Q3 When an ESA claimant is in the assessment phase he must have a valid "Fit Note" - if it expires his benefit is suspended / cancelled (please correct me if I am wrong on this). Should a GP refuse to give a "Fit Note" or the "Fit Note" issued states the patient is FFW then do DWP accept this and cancel an ESA claim (this is while it is in assessment phase)?

Q4 If the answer to Q3 is yes can you provide documentation and / or legislation to show that DWP must accept a GP's opinion when they state a patient is FFW but that they do not have to accept the opinion of a (potentially the same) GP when they state a patient (claimant / customer whichever designation DWP currently use) is not FFW.

Please note that all of the above is in regard to a person being or not being Fit For Work - I am not talking about being entitled to or awarded ESA

Yours faithfully,

Paul Malpas

DWP freedom-of-information-requests, Department for Work and Pensions

This is an automated confirmation that your request for information has
been accepted by the DWP FoI mailbox.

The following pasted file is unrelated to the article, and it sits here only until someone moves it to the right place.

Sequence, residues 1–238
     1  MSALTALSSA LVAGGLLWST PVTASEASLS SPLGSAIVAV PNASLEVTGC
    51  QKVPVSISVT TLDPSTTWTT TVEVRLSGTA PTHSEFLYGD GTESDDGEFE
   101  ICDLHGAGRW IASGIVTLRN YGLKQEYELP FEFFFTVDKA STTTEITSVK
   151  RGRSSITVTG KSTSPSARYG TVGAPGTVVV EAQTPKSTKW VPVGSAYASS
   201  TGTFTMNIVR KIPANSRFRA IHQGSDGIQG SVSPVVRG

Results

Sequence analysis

By the next working day your request will be forwarded to the relevant
information owner within the Department who will respond to you direct. 

If your email is a Freedom of Information request you can normally
expect a response within 20 working days.

Should you have any further queries in connection with this request do
please contact us.

For further information on the Freedom of Information Act within DWP
please click on the link below.

[1]http://www.dwp.gov.uk/freedom-of-informa...

show quoted sections

References

Visible links
1. http://www.dwp.gov.uk/freedom-of-informa...

Paul Malpas left an annotation ()

The DWP regularly and emphatically claim that GPs can only diagnose and treat illness and they are somehow unable to assess the "functional effects" of illness, disease or conditions - odd how the governments own website describes one of the purposes of the "fit note" as allowing a GP to note the functional effects and indeed DWP insist on this fit note being up to date during the assessment phase of ESA in order to (and I quote) "show limited capability for work".